CO2 and sleeping while driving

  • #1
Ivan Seeking
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After almost falling asleep while driving the other day, I got to thinking about CO2. I started to wonder if due to normal respiration of the driver and or occupants, CO2 levels in a car can rise to levels that can inhibit responses or even lead to unintended sleep, and make driving unsafe. I was struck by how quickly I regained composure as soon as I opened the window for fresh air. Maybe cars are too air tight for our own good?
 

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  • #2
SteamKing
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Spending time in any sealed enclosure without adequate ventilation is not recommended. Fortunately, you learned (or re-learned) this lesson without injury to yourself or others. Cars are built with multiple means to provide ventilation to the cabin. Please use at least one at all times, even if it's just leaving a window open a crack.
 
  • #3
Doug Huffman
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My VW owner's manual is clear that the HVAC vent should be open but for exceptional circumstances. For the usual position of the function control, recirculation is defeated.
 
  • #4
russ_watters
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Was the fresh air cold?

In winter, it would be very difficult to have a CO2 problem before a humidity/condensation problem. Most cars have an indicator that tells you whether the outside air damper for the HVAC is open or closed. In summer it should almost always be closed and in the winter it should almost always be open.
 
  • #5
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Maybe cars are too air tight for our own good?
Do you turn off the air coming from the outside?
 
  • #6
NascentOxygen
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Maybe cars are too air tight for our own good?
Maybe also too warm or too comfy to maintain a high state of alertness.
 
  • #7
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~1kg of CO2 per day and person, or half a cubic meter. Let's assume the car has 3m3 of volume inside, then you get ~0.7% of CO2 per hour (by volume, a bit more by mass). Driving for more than two hours without any ventilation is not a good idea, and with multiple passengers you'll certainly need some sort of air exchange.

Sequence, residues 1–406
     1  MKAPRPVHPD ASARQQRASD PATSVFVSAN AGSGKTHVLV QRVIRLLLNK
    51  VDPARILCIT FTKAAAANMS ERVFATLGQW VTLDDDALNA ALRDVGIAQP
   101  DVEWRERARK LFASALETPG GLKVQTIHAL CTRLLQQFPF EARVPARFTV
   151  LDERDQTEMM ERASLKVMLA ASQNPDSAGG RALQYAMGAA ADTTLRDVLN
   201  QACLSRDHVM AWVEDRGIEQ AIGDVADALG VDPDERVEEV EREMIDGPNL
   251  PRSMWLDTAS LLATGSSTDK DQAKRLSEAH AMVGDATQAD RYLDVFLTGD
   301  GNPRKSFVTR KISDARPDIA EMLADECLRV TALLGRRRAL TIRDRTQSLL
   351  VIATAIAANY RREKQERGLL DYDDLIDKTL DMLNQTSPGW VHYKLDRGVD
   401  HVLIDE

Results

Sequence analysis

I was struck by how quickly I regained composure as soon as I opened the window for fresh air.
I would expect temperature had a larger effect there.
 
  • #8
.Scott
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After almost falling asleep while driving the other day, I got to thinking about CO2. I started to wonder if due to normal respiration of the driver and or occupants, CO2 levels in a car can rise to levels that can inhibit responses or even lead to unintended sleep, and make driving unsafe. I was struck by how quickly I regained composure as soon as I opened the window for fresh air. Maybe cars are too air tight for our own good?
A slow build up of excessive CO2 will result in hypercapnia. The normal reflex to hypercapnia is to awaken so that you can reposition yourself during sleep.

Unless you are missing this reflex (a potentially fatal condition), what you are describing is not consistent with a hazardous buildup of CO2.

If there was a buildup of CO2, that may have been what awakened you.
 
  • #9
OmCheeto
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According to our government, a difference of only 1.4% in the level of oxygen means the difference between normal, and minimum required, to have no effect.

* 20.9 percent: Percentage of oxygen found in normal air. No effect.
* 19.5 percent: Minimum permissible oxygen level. No effect.